Seven athletes dressed up and holding their sports equipment.

A Day in the Life of a Student-Athlete

Student-athletes at Michigan Tech need to be smart in the game and competitive in the classroom.

They’re more than athletes and students—they’re both.

The term “student-athlete” is not a squished hyphen, a juxtaposition, a default by proximity; it’s a deliberate collaboration between coaches, faculty, prospective students, and current students. What makes Michigan Tech Athletics different is the University’s culture as a whole: This is a great place for both mental and physical might, and the University focuses on preparing student-athletes for their futures. Every school says it; we do it.

What Gets You Out of Bed in the Mornings?

  • Lizzie Bloch: Can I say coffee?
  • Vicky Quinde: Making my family proud.
  • Gaspard Cuenot: First thing I do is open the window and see how the weather is.
  • Jacob Wenzlick: Coffee. And I get up and go.

Student-athletes often wake up tired like the rest of us, but the most successful ones—like the Huskies in this story—have discovered a few of life’s secrets during their time at Michigan Tech. They have learned that the “balance” our culture obsesses over in work, life, hobbies, joys, and trials is not found by building a static and carefully constructed fulcrum, but by practicing a dynamic mindset every day. Starting with the motivation to get out of bed.

Abbie Botz shooting a basketball around two defenders.
Abbie Botz plays for Women's Basketball, a team with a 3.7 GPA average.

Abbie Botz plays for the Michigan Tech Women’s Basketball team and is majoring in exercise science. She says motivation comes from making her family, team, and community proud and that she gets through the day-to-day grind by planning ahead.

“Put your headphones in and focus. You get good at doing that anywhere,” Botz says. “In my freshman year, I was really sleep-deprived and that affected my ability both on the court and in the classroom, so I’ve learned to prioritize going to bed earlier, and I’ve noticed that I’m more successful and attentive if I wake up a bit earlier, so I work on my homework then.”

Her coach, Sam Hoyt, says being a mentor means helping students build those individualized habits and demonstrating that a student-athlete represents the University at all times: “It means saying no to a lot of things in order to prioritize your sport, your grades, and your family. Your grades and your athletic performance reflect your program.”

And this isn’t bluster. According to stats provided by American universities, the national average GPA at public universities sits around 3.1 and GPAs for student-athletes have tended to be lower. But the Michigan Tech Women’s Basketball team upholds a 3.7 GPA, the highest across all divisions in the NCAA, and earned several Great Lakes Intercollegiate Athletic Conference (GLIAC) honors this past academic year, including Botz, who was named First Team All-GLIAC. It’s not just basketball players slam-dunking academics. Overall, the 370 student-athletes on 14 competitive teams all keep a GPA above 3.0—averaging a 3.4—and many students receive academic honors, including the 139 on the 2018 Dean’s List.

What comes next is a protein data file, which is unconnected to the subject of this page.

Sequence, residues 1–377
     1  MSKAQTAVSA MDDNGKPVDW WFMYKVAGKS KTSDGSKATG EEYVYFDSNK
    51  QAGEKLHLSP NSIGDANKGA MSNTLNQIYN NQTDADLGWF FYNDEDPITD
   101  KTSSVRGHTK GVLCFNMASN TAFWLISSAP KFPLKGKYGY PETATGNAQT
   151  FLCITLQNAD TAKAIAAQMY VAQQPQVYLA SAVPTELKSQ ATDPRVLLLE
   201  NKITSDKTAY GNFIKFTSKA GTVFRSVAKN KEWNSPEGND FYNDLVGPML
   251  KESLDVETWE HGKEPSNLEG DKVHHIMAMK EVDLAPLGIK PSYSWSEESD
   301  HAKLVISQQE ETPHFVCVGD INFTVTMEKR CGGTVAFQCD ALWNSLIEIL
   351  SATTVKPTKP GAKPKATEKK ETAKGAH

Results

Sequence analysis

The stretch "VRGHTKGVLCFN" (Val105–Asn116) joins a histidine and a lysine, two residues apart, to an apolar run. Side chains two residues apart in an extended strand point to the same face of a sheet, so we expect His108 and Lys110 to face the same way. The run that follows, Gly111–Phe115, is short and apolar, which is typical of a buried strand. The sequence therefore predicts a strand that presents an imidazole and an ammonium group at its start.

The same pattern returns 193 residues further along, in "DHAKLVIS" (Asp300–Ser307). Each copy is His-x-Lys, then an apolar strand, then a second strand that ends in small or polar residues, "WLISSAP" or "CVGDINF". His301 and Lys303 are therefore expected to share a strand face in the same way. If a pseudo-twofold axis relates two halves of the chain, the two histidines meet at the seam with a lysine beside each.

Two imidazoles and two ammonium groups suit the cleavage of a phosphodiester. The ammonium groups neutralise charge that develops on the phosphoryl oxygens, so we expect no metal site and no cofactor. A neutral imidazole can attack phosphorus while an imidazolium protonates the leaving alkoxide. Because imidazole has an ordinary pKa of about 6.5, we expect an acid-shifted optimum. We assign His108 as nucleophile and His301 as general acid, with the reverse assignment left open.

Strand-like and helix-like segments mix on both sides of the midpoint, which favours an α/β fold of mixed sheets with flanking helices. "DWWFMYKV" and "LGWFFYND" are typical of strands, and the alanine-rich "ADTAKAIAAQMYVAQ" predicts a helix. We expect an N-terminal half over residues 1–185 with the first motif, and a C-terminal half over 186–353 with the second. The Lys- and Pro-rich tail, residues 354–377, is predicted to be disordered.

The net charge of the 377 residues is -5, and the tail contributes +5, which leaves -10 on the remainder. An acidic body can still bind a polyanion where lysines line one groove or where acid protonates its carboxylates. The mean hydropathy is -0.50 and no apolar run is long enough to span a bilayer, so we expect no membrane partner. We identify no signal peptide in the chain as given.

How do they do it?

How Do You Handle Class and Studying?

  • Abbie Botz: It's a learned skill.
  • Laura De Marchi: Google calendar.
  • Tyler Rockwell: I have this planner here, which is my whole life.
  • Lizzie Bloch: Attitude and schedule.

Most student-athletes have morning classes followed by afternoon practice. They make sure to schedule time to eat, work out, study, and rest. Many travel on the weekends during season—though some sports travel less, it can be up to 10 trips for hockey and 17 trips for basketball that can run Wednesday to Sunday.

Vicky Quinde swinging racquet.

Mechanical engineering major Vicky Quinde is a tennis player.

Rhys Edwards is here to help. As the director of NCAA compliance and student-athlete services, he teaches a fall course called Student-Athlete 101 and he sees every single incoming student, 110 of them in the 2018 class, who participates in Michigan Tech sports. Edwards tutors them on study techniques—good habits form from practice, not talent—and offers advice to navigate classes, majors, travel, life.

Coaches and staff recruit student-athletes who are prepared for the rigor of a Michigan Tech education and athletic experience. It’s a partnership: Athletics provides the facilities, quality coaching, tutoring, mental health support, and leadership training so the student-athlete can be successful; recruits commit to be the best they can as both students and athletes. Top-notch learning happens at the edge of comfort zones, so the expectations are high, but realistic, and fully supported.